What are the Dangers of Emu Oil?
Are there really dangers from emu oil use? Is this natural oil safe for you and your family?
The history of the emu bird shows that it was originally used by the Australian aborigines for food, clothing and natural medicine.
The oils made from the bird were traditionally used to treat various health conditions such as sunburn, sore muscles and dry skin.
While this is a natural oil, there are some precautions you need to take to ensure you’re using a highly-purified product free of bacteria, viruses and other contaminants.
The main safety issues involve the type of emu oil and if you’re using the oil externally or internally.
Only Purified Emu Oils are the Safest to Use
To ensure you’re using an oil that is safe for human use, try to only use products that are purified as fully-refined or molecular-distilled.
You can use emu oil topically or internally, but only pharmaceutical-grade oils should be used for human consumption.
Cosmetic-grade oils are safe for using on your skin and hair.
In North America, many oils are purified according to The American Emu Association regulations.
The American Emu Association and Purified Emu Oils
The American Emu Association (AEA) is a non-profit organization made up of small emu farms.
They promote the emu industry and provide some level of regulatory process for the emu industry.
The AEA created the Emu Trade Rules as a self-regulatory method to provide safety and consistency to emu oil products that were being produced.
In the past, people used to melt emu oil on their stoves to make the oil; you can imagine the inconsistencies in purity levels if this method were still followed today.
The AEA consulted with the American Oil Chemist Society to produce a standard grading and purity for emu oils.
Three Grades of AEA Emu Oils:
- Grade A – used for pharmaceutical, cosmetic and dietary supplements and called fully-refined emu oil.
- Grade B – used in some cosmetic applications, but not for digestion.
- Grade C – this is crude emu oil and used primarily for making soaps and animal feed.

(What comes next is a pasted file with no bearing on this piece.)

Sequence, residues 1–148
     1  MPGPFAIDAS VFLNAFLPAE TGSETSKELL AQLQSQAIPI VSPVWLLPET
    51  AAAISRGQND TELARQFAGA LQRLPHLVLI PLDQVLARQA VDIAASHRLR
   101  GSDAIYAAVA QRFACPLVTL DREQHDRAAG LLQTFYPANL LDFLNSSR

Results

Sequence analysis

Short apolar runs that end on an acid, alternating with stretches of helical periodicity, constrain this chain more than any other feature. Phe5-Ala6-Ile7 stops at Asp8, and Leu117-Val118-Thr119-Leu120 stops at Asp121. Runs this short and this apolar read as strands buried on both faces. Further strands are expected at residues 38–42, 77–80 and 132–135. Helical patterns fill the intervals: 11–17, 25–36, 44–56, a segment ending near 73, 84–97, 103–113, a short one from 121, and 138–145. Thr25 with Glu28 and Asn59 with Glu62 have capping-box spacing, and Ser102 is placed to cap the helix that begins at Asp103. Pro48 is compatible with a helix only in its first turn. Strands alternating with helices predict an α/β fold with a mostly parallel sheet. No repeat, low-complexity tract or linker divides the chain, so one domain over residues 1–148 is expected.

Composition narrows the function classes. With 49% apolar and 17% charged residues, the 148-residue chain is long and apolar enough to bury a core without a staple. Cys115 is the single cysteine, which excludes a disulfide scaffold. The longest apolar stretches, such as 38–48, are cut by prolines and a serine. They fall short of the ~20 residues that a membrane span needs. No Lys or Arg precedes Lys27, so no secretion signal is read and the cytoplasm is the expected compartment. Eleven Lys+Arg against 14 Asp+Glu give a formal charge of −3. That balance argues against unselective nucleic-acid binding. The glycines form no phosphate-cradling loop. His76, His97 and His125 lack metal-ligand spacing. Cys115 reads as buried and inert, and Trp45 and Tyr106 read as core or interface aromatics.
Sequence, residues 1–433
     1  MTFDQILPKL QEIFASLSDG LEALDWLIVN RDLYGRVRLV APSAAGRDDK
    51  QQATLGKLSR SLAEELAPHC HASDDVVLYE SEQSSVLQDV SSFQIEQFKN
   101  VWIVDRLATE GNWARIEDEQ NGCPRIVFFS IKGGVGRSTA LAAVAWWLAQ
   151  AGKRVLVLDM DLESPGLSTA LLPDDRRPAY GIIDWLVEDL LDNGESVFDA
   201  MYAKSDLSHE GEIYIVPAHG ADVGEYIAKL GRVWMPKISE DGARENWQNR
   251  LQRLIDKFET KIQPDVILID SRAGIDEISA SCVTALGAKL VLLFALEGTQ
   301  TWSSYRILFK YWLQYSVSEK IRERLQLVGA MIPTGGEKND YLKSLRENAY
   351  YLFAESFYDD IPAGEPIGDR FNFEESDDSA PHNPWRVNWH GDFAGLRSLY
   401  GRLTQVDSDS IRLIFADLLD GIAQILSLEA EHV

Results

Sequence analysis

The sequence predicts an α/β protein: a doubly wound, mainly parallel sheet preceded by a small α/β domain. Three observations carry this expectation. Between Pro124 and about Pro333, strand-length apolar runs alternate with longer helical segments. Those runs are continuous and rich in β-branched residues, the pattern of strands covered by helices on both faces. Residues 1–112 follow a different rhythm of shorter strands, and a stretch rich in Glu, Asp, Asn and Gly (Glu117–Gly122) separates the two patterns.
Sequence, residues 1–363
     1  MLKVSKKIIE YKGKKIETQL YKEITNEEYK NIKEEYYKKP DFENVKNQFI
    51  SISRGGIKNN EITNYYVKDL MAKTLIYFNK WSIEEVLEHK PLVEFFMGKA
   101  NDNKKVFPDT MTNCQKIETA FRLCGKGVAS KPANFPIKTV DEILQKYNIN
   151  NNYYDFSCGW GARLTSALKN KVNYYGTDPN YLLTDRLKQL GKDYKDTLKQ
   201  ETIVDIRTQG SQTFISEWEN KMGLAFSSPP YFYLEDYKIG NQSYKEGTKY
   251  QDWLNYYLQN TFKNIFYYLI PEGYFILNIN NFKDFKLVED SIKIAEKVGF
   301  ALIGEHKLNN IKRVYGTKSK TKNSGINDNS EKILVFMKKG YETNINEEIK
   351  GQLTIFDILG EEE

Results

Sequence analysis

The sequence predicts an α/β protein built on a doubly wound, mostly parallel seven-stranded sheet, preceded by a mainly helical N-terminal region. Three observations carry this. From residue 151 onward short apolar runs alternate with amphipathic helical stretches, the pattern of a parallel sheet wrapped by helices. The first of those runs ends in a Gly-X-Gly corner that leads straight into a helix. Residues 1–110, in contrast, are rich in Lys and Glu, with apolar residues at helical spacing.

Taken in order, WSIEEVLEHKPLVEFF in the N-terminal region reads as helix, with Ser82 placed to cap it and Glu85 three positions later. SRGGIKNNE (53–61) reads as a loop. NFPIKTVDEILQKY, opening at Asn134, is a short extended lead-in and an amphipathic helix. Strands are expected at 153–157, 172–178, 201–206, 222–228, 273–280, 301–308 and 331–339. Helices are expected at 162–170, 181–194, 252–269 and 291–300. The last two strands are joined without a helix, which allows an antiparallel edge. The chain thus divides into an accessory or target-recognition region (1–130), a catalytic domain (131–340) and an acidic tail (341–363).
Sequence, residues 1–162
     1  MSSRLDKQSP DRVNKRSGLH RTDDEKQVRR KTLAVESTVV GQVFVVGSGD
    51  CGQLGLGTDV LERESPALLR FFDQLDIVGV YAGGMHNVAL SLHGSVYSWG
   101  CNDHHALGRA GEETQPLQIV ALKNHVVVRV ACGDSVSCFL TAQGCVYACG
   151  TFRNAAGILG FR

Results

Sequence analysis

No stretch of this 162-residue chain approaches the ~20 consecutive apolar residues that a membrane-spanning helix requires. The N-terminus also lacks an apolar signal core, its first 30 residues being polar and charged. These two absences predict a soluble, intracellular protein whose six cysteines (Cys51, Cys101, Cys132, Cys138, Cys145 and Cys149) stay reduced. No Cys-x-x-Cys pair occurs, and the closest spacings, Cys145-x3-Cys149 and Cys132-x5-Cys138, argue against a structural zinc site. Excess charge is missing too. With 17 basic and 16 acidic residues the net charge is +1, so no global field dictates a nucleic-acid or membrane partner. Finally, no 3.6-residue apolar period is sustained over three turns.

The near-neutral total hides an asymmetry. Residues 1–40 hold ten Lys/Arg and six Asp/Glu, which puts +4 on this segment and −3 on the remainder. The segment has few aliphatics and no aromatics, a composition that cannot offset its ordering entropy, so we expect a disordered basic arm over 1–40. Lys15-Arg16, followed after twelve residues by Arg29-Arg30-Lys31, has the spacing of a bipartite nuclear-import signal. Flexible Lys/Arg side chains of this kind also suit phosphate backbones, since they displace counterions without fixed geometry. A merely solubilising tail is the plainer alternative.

Using emu oils that are AEA-certified will ensure you’re using a product that has been tested for purity; thereby reducing any dangers from emu oil for topical use.
Allergic Reactions to Emu Oils
Research has shown emu oil’s ingredients are almost identical in fatty acid composition to human skin.
This may make the oils more compatible and may reduce the possibility of allergic reactions.
And studies on emu oil appear to indicate it has some positive benefits for your skin….
Emu oil has the following characteristics:
- Emu oil doesn’t clog pores.
- Emu oil is rapidly absorbed by your skin.
- Emu oil is hypo-allergenic.
- Emu oil fights inflammation.
- Emu oil helps skin heal.
These properties may explain why this oil can be very compatible for many different skin types and may result in minimal dangers from use.
If you have sensitive or delicate skin (and have never used emu oil before) you should do a skin test to rule out any possible reactions.
You can learn more about the above characteristics by visiting Health Benefits of Emu Oil.
Australian emu oil has garnered a reputation as the best emu oil since this is where the oil originated. However, you can now get emu oils from the USA, Canada, Asia and Europe.
No matter which country you get your emu oil from you need to ensure that the oil has been tested to meet minimum standards for purity and has the lowest level of acceptable contaminants for cosmetic or pharmaceutical use.
To date, there are no documented reports of adverse reactions from topically use of emu oil.
However, I always recommend all first-time users of emu oil try a small skin test to ensure there are no negative reactions.
Emu oil(s): A source of non-toxic transdermal anti-inflammatory agents in aboriginal medicine. Whitehouse MW, Turner AG, Davis CK, Roberts MS. Department of Medicine, University of Queensland, Princess Alexandra Hospital, 4102, Brisbane, Queensland. Inflammopharmacology. 1998;6(1):1-8.
Moisturizing and cosmetic properties of emu oil: a pilot double blind study. Zemtsov A, Gaddis M, Montalvo-Lugo VM. The Australassian Journal of Dermatology. 1996 Aug;37(3):159-61
Promotion of second intention wound healing by emu oil lotion: comparative results with furasin, polysporin, and cortisone. Politis MJ, Dmytrowich A. Department of Medical Physiology at the University of Saskatchewan, Saskatoon, Canada. Plastic and Reconstructive Surgery. 1998 Dec;102(7):2404-7.
Anti-inflammatory activity and healing-promoting effects of topical application of emu oil on wound in scalded rats Di Yi Jun Yi Da Xue Xue Bao. 2005 Apr;25(4):407-10, Qiu XW, Wang JH, Fang XW, Gong ZY, Li ZQ, Yi ZH. Department of Burns, Nangfang Hospital, Southern Medical University, Guangzhou 510515, China.
Effect of emu oil on auricular inflammation induced with croton oil in mice. López A, Sims DE, Ablett RF, Skinner RE, Léger LW, Lariviere CM, Jamieson LA, Martínez-Burnes J, Zawadzka GG. Department of Pathology and Microbiology, Atlantic Veterinary College, University of Prince Edward Island, Charlottetown, Canada. American Journal of Veterinary Research. 1999 Dec;60(12):1558-61